Because contrary to the line of my Brandywell-regular, SDLP friend, since the Executive was set up, hardly anybody takes responsibility for anything. It was this which, last month, prompted intervention in debate on the NHS by the secretary of the Saul, Co. Down, division of the Ancient Order of Hibernians..
Bro. Brian Lennon had a message for Health Minister Bairbre de Brun Resign!
For good measure, he wanted local MP Eddie McGrady (SDLP) to take a powder, too.
What had gotten Mr. Lennon hot under the collarette was the future status, even the future itself, of the Downe Hospital one of those mundane matters which, we were told pre-Agreement, would be sorted out sharpish soon as we had functioning political institutions of our own. Indeed, it was widely suggested by pro-Agreement commentators at the time that the whole point of getting local hands on the levers of power was to ensure that issues like the Downe would be resolved in line with local wishes.
The campaign to Save the Downe was huge. Angry massive marches one in 1998 generally estimated at 20,000-strong, bigger than the total population of the town swamped the centre of Downpatrick. Representatives of all the pro-Agreement parties were prominently in attendance to hammer home the message: Devolution to Save the Downe!
So the hospital's status is safe now, then? De Brun, on her first or second day in office, issued instructions along the lines of her party's '98 demand?
Last month, she explained why not. A departmental spokesman revealed that the matter was more complicated than might have been imagined. Competing demands, scarce resources, and so forth. So: The Minister has commissioned an independent review of hospital facilities (in Downpatrick) which is due to report early next year .
Independent means here what it means everywhere when used in this context independent of all pledges or implicit assurances the minister s party may previously have given.
If the review recommends (as it's hereby predicted it will) that the Downe be stripped of its acute status, the Executive parties, led by Minister de Brun, with the support of Mr. McGrady, will sympathise with local dismay and wish things were otherwise and the Downe will be stripped of its acute status.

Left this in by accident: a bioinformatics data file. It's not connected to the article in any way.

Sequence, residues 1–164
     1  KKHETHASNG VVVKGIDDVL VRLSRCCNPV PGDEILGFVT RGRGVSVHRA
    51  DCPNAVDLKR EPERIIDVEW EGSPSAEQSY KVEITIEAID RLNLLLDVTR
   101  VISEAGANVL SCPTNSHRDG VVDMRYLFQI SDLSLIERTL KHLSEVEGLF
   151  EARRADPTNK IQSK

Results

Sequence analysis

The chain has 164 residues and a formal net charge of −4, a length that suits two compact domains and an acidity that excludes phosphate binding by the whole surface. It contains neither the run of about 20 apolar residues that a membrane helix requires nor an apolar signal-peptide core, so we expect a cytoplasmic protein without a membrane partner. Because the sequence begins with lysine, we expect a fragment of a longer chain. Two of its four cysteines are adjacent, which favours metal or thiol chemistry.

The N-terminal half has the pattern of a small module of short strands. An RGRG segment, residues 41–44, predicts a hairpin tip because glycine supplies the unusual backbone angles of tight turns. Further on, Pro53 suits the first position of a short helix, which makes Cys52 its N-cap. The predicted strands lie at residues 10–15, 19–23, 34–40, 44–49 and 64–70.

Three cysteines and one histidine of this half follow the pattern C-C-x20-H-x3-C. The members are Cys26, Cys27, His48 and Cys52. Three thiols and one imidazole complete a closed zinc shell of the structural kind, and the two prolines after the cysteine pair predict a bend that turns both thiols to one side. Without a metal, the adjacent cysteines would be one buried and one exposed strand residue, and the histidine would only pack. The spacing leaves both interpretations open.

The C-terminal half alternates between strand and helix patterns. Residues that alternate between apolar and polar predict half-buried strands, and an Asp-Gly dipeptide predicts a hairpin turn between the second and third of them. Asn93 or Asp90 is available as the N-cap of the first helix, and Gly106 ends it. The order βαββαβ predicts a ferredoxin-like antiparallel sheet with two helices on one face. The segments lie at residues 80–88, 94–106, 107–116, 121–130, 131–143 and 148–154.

Last month, too, residential child-care workers in the Foyle Trust area met with members of Derry City Council to discuss the under-funding which has put some of the most vulnerable of our citizens at risk. Counselling is effectively available only to those too far gone to be able to benefit from it. Children taken "into care" because they are homeless as a result of family break-up share over-crowded rooms with children who are severely disturbed and in need of psychiatric help. The residential workers had launched a programme of rolling industrial action, and came to the council to explain their case. Among the parties which declared full support for the workers' demands were the SDLP (which holds the Ministry of Finance), Sinn Fein (Ministry of Health and Social Services) and the Ulster Unionists (Office of the First Minister.)
At the time of writing, there has been no indication of new resources being made available. Children at risk continue to be put in further peril.
How can this be, and the Downe still be endangered, when every party with input into the relevant areas is on-side?
It cannot be wholly explained by the banal general experience of political principles turning to dust upon the attainment of office. This is weirder.
On the day after the two Sinn Fein Ministers basked in praise from the mainstream media for their departments contributions the Programme for Government, Gerry Adams denounced the document as neither radical nor Republican.
The DUP's Minister for the Environment, Gregory Campbell, went further and called on supporters to reject the Programme which he'd just put his name to.. "Another step on the road to a united Ireland", he warned.
It is a unique feature of the Stormont set-up that, in order to eliminate the possibility of any mandated party refusing to work with another, coalition is compulsory. So, everybody, like it or not, is jointly responsible for everything. Which, when you turn it on its head, or rather on its feet, means that nobody is specifically responsible for anything.